Weak Dollar, Saudi Supply Cuts Push Oil Price to $55

After early slide, crude oil prices rebounded Thursday as dollar weakness and signs of production cuts by the world’s top crude exporter, Saudi Arabia, eased concerns about excess supply in the global market.

The dollar was said to have added support as it slipped against a basket of currencies, making dollar-denominated oil cheaper for holders of other currencies.

Before yesterday’s swing in oil prices, President Donald Trump, on Wednesday took credit for driving down oil prices, saying the drop amounted to a tax cut for Americans.

“People see that gasoline (petrol) is way down and the reason it’s way down is because I called up some of the OPEC people,” Trump reportedly told reporters.

“I made calls, I said you better let that oil, that gasoline flow, and they did,” he added.

However, despite Trump’s intervention, the price of international benchmark crude, Brent crude futures rose by 94 cents at $55.85 per barrel, while the United States US West Texas Intermediate oil futures rose 65 cents to $47.19 a barrel.

The Organisation of the Petroleum Exporting Countries (OPEC), led by Saudi Arabia, alongside other producers led by Russia, agreed last year to rein in supplies starting from January after oil tumbled from above $86 on worries about surging output.

Before OPEC and other producers took a decision to lower output, Trump had made it clear that he did not want oil prices to rise.

Many analysts had thought Saudi Arabia was coming under US pressure to resist calls from other OPEC members for lower crude output.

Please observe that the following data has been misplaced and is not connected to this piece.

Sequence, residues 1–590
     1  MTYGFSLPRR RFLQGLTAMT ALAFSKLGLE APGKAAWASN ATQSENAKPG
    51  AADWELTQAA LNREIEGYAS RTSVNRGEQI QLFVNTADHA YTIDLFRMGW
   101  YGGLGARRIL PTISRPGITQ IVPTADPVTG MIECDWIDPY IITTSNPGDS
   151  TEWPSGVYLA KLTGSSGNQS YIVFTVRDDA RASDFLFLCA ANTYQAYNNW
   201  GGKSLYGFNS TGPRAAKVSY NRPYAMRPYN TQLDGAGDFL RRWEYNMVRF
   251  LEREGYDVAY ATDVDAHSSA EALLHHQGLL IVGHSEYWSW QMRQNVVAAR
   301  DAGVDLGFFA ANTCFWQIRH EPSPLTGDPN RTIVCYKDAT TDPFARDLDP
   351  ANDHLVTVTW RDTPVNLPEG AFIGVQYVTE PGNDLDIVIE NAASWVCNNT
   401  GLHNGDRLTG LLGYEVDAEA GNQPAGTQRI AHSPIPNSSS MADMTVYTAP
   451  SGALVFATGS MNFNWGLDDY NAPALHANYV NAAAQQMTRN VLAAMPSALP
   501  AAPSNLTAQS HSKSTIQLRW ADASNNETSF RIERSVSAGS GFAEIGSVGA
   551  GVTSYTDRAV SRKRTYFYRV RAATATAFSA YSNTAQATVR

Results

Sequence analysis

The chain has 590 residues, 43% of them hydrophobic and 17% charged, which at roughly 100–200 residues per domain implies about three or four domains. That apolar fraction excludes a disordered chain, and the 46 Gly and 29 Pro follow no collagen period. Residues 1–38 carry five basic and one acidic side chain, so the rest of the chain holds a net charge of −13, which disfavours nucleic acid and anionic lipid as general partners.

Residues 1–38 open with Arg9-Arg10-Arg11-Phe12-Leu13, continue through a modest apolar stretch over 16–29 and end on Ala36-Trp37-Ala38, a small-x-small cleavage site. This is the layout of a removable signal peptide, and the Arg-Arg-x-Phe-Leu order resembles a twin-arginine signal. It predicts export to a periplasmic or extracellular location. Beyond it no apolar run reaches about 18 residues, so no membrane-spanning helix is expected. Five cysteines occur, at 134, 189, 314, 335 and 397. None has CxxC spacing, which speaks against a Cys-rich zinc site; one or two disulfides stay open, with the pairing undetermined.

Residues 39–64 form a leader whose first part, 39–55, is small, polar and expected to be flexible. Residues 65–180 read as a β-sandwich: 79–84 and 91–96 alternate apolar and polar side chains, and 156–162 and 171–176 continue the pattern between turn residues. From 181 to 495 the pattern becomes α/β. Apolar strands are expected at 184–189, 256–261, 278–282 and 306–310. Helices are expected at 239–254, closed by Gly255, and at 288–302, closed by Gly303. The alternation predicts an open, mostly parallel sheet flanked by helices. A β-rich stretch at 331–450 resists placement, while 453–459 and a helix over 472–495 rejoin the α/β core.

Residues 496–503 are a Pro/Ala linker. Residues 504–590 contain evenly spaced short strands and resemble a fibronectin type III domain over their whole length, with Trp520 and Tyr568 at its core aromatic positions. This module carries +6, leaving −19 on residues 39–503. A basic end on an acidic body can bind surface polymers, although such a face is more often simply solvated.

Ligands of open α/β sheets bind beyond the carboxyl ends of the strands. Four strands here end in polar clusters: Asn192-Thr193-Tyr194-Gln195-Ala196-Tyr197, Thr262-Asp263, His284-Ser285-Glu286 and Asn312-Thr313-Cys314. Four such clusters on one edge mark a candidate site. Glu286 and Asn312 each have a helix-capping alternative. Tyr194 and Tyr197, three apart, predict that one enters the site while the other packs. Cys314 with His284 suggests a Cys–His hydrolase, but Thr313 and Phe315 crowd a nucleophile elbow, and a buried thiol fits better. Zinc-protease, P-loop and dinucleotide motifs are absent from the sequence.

Trump had praised Saudi Arabia for helping to lower oil prices as pressure intensified to impose tougher sanctions on the Middle East ally following the murder of Saudi journalist, Jamal Khashoggi.

In a tweet when oil price was $63, Trump had thanked Riyadh for the drop and called for prices to go even lower, likening it to “a big tax cut” that could boost the United States and global economies.

The swing in the oil price, which fell as much as two per cent in earlier trade, mirrored volatility in other markets after tech giant, Apple, cut its sales forecast, citing a slowdown in China.

This has added to concerns about a slowing global economy, which weighs on prospects for oil demand.

More broadly, oil markets have been sliding with rising production from top producers, the United States and Russia.

Supply from Iraq, the second biggest producer in OPEC, has also climbed, with December 2018 exports at 3.73 million bpd versus 3.37 million bpd in November.

Both Brent and US crude were down more than a third in the last quarter of 2018, the steepest decline since the fourth quarter of 2014.

However, for most of 2018, oil prices were on the rise, driven up by healthy demand and supply concerns, especially around the impact of renewed US sanctions against major producer Iran, which were introduced in early November.

Brent rose by almost a third between January and October 2018, to a high of $86.74 per barrel, the highest level since late 2014, the start of a deep market slump amid bulging global oversupply.

Many leading analysts and traders at the time said they expected crude to hit $100 per barrel again by the end of 2018. Instead, Brent prices have wiped out all of 2018’s gains, plunging by almost 40 per cent from the $86 year’s high, in what has been one of the steepest oil market sell-offs of the past decades

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